WHEN AUNT LUCY RODE A MULE

AND OTHER STORIES

Zelda and Stella, the girls regaled with their grandmother's funny recollections of a family trip (When Grandma Almost Fell off the Mountain, not reviewed) now visit Aunt Lucy, whose initial disclaimer (``I don't recall any stories'') proves to be as comically at odds with her subsequent narrative as her mother's was. Pausing only to urge more cake on her enthralled guests, Aunt Lucy describes visiting her grandparents, where the recounted events verge intriguingly on tall tale (Did Grandpa really free a crow from a determined turtle?) and many of the doings are instigated by her own irrepressible aunt, Cissie. The girls' amazed queries propel the narrative; and Porte gives her own audience some painless practice in keeping generations straight. By slipping in a question of fact near the end (Aunt Lucy recalls that her Aunt Cissie and her sister, now Zelda and Stella's grandma, each believed as an adult that the other was stung as a child by bees attracted by her flowered hat), Porte hints slyly that such tales may change with time. Again, Chambliss adds even more gusto to the story with cheerful watercolors on every page. Fast, funny, and pungent. (Young reader/Picture book. 6-10)

Pub Date: Sept. 1, 1994

ISBN: 0-531-06816-1

Page Count: 32

Publisher: Orchard

Review Posted Online: May 20, 2010

Kirkus Reviews Issue: Aug. 15, 1994

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HELLO, HARVEST MOON

As atmospheric as its companion, Twilight Comes Twice, this tone poem pairs poetically intense writing with luminescent oils featuring widely spaced houses, open lawns, and clumps of autumnal trees, all lit by a huge full moon. Fletcher tracks that moon’s nocturnal path in language rich in metaphor: “With silent slippers / it climbs the night stairs,” “staining earth and sky with a ghostly glow,” lighting up a child’s bedroom, the wings of a small plane, moonflowers, and, ranging further afield, harbor waves and the shells of turtle hatchlings on a beach. Using creamy brushwork and subtly muted colors, Kiesler depicts each landscape, each night creature from Luna moths to a sleepless child and her cat, as well as the great moon sweeping across star-flecked skies, from varied but never vertiginous angles. Closing with moonset, as dawn illuminates the world with a different kind of light, this makes peaceful reading either in season, or on any moonlit night. (Picture book. 6-8)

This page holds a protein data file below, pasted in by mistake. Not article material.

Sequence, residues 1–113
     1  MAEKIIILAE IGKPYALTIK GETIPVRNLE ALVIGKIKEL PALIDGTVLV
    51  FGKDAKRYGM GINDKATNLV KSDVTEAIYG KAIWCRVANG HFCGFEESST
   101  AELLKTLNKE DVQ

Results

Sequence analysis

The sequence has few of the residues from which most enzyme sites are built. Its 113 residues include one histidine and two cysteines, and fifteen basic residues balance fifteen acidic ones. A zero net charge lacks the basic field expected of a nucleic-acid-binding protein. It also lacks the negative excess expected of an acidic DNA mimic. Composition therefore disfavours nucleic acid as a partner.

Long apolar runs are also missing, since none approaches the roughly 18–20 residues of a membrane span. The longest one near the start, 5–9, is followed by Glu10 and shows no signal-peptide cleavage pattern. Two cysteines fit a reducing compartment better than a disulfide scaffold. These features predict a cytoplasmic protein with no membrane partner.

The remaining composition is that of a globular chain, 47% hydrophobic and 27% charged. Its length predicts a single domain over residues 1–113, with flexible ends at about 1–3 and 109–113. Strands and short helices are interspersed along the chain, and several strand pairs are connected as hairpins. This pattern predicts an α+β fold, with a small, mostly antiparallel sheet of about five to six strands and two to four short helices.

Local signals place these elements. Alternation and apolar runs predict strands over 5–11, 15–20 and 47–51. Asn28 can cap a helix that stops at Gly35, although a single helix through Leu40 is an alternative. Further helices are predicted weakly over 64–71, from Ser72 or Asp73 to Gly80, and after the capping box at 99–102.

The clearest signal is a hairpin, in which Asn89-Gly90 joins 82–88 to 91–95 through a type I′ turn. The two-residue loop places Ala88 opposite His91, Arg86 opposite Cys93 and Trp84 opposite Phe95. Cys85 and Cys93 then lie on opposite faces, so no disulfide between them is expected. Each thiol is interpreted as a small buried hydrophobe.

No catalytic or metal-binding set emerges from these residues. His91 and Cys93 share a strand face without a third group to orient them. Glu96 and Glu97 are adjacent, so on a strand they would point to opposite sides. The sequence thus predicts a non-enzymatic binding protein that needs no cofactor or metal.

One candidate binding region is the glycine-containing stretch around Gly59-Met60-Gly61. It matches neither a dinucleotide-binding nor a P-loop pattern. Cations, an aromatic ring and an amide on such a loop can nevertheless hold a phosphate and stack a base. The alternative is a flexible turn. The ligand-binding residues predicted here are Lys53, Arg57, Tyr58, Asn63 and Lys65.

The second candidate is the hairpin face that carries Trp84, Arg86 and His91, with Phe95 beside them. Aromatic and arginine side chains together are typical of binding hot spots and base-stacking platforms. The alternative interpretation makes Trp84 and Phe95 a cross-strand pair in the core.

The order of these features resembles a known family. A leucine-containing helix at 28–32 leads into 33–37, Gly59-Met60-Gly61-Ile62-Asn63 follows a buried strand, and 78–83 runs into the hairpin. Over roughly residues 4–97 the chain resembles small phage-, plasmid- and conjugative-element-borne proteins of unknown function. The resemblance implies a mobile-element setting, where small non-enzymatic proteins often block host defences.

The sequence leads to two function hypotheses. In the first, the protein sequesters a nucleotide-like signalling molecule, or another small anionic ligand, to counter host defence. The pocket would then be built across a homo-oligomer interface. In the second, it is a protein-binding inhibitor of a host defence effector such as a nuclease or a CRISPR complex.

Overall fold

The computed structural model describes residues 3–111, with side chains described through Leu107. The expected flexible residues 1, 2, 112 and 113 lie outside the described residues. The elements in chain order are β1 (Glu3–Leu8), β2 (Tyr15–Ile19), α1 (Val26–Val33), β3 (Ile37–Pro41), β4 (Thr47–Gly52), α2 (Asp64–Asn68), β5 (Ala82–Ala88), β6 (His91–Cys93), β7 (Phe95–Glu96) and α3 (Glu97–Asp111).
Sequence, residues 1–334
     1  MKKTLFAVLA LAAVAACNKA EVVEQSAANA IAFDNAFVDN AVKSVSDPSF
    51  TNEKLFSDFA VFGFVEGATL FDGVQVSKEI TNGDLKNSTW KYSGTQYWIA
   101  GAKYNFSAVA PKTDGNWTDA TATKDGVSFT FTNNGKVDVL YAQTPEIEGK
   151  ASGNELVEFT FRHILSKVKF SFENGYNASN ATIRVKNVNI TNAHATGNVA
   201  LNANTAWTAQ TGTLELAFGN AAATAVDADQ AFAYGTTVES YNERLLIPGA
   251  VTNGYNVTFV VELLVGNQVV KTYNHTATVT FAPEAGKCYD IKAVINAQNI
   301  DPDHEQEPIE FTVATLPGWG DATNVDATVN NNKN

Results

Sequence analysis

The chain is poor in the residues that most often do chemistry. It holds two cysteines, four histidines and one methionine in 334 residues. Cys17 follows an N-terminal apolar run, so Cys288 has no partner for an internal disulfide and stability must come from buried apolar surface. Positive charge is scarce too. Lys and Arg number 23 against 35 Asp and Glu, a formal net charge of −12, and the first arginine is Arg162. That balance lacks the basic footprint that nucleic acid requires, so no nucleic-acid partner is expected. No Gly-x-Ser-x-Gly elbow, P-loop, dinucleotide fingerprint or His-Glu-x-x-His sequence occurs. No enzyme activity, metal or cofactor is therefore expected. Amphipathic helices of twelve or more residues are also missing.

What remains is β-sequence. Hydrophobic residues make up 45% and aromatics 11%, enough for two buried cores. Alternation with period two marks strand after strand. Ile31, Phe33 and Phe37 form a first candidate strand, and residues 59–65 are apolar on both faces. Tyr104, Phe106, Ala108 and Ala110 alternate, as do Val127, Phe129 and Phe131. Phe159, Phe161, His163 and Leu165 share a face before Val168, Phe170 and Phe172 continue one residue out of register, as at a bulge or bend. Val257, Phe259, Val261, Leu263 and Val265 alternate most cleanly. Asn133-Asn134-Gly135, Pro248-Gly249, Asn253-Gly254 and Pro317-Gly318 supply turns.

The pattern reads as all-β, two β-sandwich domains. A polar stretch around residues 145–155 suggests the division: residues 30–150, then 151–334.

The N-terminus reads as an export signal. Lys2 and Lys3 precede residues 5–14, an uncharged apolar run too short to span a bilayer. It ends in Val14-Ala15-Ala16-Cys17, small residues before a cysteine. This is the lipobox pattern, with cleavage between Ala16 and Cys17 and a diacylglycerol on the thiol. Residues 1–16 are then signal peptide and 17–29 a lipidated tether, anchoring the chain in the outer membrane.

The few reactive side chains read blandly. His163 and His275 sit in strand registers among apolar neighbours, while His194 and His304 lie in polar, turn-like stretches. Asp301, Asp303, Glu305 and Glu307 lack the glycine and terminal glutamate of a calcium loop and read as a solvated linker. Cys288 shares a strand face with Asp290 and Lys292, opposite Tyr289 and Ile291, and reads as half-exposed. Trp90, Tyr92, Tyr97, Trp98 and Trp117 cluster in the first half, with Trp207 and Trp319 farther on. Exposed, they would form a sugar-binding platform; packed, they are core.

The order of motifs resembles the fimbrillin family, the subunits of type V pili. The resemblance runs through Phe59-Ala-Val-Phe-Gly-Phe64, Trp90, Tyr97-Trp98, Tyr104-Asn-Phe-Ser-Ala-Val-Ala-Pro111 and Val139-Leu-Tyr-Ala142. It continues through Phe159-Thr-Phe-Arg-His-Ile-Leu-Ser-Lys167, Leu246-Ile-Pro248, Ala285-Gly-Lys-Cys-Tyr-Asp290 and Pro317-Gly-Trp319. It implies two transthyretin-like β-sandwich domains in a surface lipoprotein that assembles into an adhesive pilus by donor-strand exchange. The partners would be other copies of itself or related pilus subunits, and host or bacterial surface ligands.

Pub Date: Sept. 22, 2003

ISBN: 0-618-16451-0

Page Count: 32

Publisher: Clarion Books

Review Posted Online: May 20, 2010

Kirkus Reviews Issue: Sept. 15, 2003

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BUBBA, THE COWBOY PRINCE

A FRACTURED TEXAS TALE

A Cinderella parody features the off-the-wall, whang-dang Texas hyperbole of Ketteman (The Year of No More Corn, 1993, etc.) and the insouciance of Warhola, who proves himself only too capable of creating a fairy godcow; that she's so appealingly whimsical makes it easy to accept the classic tale's inversions. The protagonist is Bubba, appropriately downtrodden and overworked by his wicked stepdaddy and loathsome brothers Dwayne and Milton, who spend their days bossing him around. The other half of the happy couple is Miz Lurleen, who owns ``the biggest spread west of the Brazos.'' She craves male companionship to help her work the place, ``and it wouldn't hurt if he was cute as a cow's ear, either.'' There are no surprises in this version except in the hilarious way the premise plays itself out and in Warhola's delightful visual surprises. When Lurleen tracks the bootless Bubba down, ``Dwayne and Milton and their wicked daddy threw chicken fits.'' Bubba and babe, hair as big as a Texas sun, ride off to a life of happy ranching, and readers will be proud to have been along for the courtship. (Picture book/folklore. 6-8)

Pub Date: Nov. 1, 1997

ISBN: 0-590-25506-1

Page Count: 32

Publisher: Scholastic

Review Posted Online: May 20, 2010

Kirkus Reviews Issue: Nov. 1, 1997

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